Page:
Britannia: We Who Are About To Die #1: I have a deep and abiding love for all things Ancient Rome. However, I find most media to be lacking in accuracy of Roman culture or understanding of the Roman mind. As usual, writer Peter Milligan and artist Juan Jose Ryp rise easily to the task. A sequel to their first Rome miniseries, Britannia, “We Who Are About To Die” again features former legionary Antonius Axia, on his way to becoming Rome’s first private detective. This time all the action takes place in Rome, as Roman aristocrats are being murdered by an unknown force and Emperor Nero is feeling pressured to do something about it. He blames chief Vestal Virgin Rubria for not knowing what is happening or what the gods will. She in turn asks Axia for help. He immediately begins to put clues together, and his preliminary investigation leads right to one of the most famous and lethal gladiators in the arena, the female fighter Achillia.
Britannia provides a fantastic adventure in another time and place along with an intriguing (and probably supernatural) murder mystery. Milligan’s story is page turning, but the star here is the picture-perfect art from Ryp. Ryp is brilliant at action, facial expressions and body language. He also gets Rome perfectly right, from military gear to how a toga should look. The key to a good comic is that the story can be followed even if there were no captions or dialog. Ryp’s storytelling is that good. This book does everything a comic is supposed to—in spades. Highest recommendation.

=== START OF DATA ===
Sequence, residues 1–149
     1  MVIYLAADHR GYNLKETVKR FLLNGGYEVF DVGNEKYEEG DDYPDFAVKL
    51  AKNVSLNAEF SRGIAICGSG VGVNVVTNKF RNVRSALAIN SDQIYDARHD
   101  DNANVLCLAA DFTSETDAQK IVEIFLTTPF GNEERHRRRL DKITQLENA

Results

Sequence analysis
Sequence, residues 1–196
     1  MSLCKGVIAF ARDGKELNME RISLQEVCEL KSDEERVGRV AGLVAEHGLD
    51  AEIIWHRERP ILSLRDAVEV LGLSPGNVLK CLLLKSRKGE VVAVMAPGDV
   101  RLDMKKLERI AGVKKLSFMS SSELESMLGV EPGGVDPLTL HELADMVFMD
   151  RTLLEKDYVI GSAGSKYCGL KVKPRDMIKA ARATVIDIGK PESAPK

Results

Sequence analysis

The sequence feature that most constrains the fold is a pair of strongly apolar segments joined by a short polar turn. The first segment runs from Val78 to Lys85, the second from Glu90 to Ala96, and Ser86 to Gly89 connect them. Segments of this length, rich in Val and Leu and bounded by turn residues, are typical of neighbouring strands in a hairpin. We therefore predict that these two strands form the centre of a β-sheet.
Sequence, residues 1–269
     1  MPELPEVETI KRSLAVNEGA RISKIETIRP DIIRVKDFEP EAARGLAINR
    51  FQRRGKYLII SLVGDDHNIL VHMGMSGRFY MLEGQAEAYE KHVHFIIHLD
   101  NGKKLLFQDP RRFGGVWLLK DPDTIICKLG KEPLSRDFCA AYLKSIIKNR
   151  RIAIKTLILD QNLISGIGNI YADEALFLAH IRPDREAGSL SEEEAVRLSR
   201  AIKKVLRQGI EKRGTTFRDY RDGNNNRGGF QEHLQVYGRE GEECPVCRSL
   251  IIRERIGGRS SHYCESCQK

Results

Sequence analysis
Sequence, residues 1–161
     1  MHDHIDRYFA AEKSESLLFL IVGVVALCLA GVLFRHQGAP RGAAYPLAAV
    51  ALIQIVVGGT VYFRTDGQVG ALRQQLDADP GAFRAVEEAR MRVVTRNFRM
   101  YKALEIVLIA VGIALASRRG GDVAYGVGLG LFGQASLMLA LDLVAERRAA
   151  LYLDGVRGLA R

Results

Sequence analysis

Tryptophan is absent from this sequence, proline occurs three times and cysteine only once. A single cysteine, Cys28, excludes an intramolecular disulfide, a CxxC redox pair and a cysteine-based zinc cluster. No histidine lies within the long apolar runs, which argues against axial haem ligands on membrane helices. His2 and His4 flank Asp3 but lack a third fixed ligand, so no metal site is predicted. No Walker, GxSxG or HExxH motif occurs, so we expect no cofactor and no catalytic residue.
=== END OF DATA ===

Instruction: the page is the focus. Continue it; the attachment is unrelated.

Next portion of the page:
Rating: ****½ stars out of 5
Batman/Shadow #1: I’m always up for a team-up between my two favorite heroes of the night. These caped mystery men usually go together like chocolate and peanut butter. Unfortunately, this first issue had me asking if the creative team only worked on this series because Matt Wagner was busy.
The story’s plot, by Scott Snyder and Steve Orlando, is a bit inscrutable. I’m sure it will open up as the story progresses, but did not make for an interesting first issue. Investigating a murder in Gotham City, Batman crosses paths with the Shadow, who hypnotizes him and disappears. Batman then finds a clue that leads him back to an old teacher in the French Alps. There, instead of his teacher he finds ... guess who?
The art is a major drawback. Riley Rossmo is not a good artist. It doesn’t help that Batman is in his horrendous Rebirth costume, with tiny pinpricks for ears and an obnoxious yellow outline around the bat on his chest. It’s just ugly. His Shadow is better, although I’m not sure why his Shadow drapes his iconic red scarf around his entire upper body instead of just his mouth. Furthermore, in the story Batman is surrounded by tech, from several hundred TV screens in the Batcave to drones following him around and giving him information while he moves through Gotham. That’s not Batman—a few computers are fine, but this is smart-phone, selfie-taking Millennial Batman. Ugh.
I didn’t love this book, but it is Batman and the Shadow. I’ll probably stick with it, but ... Matt Wagner, please?
Rating: *** stars out of 5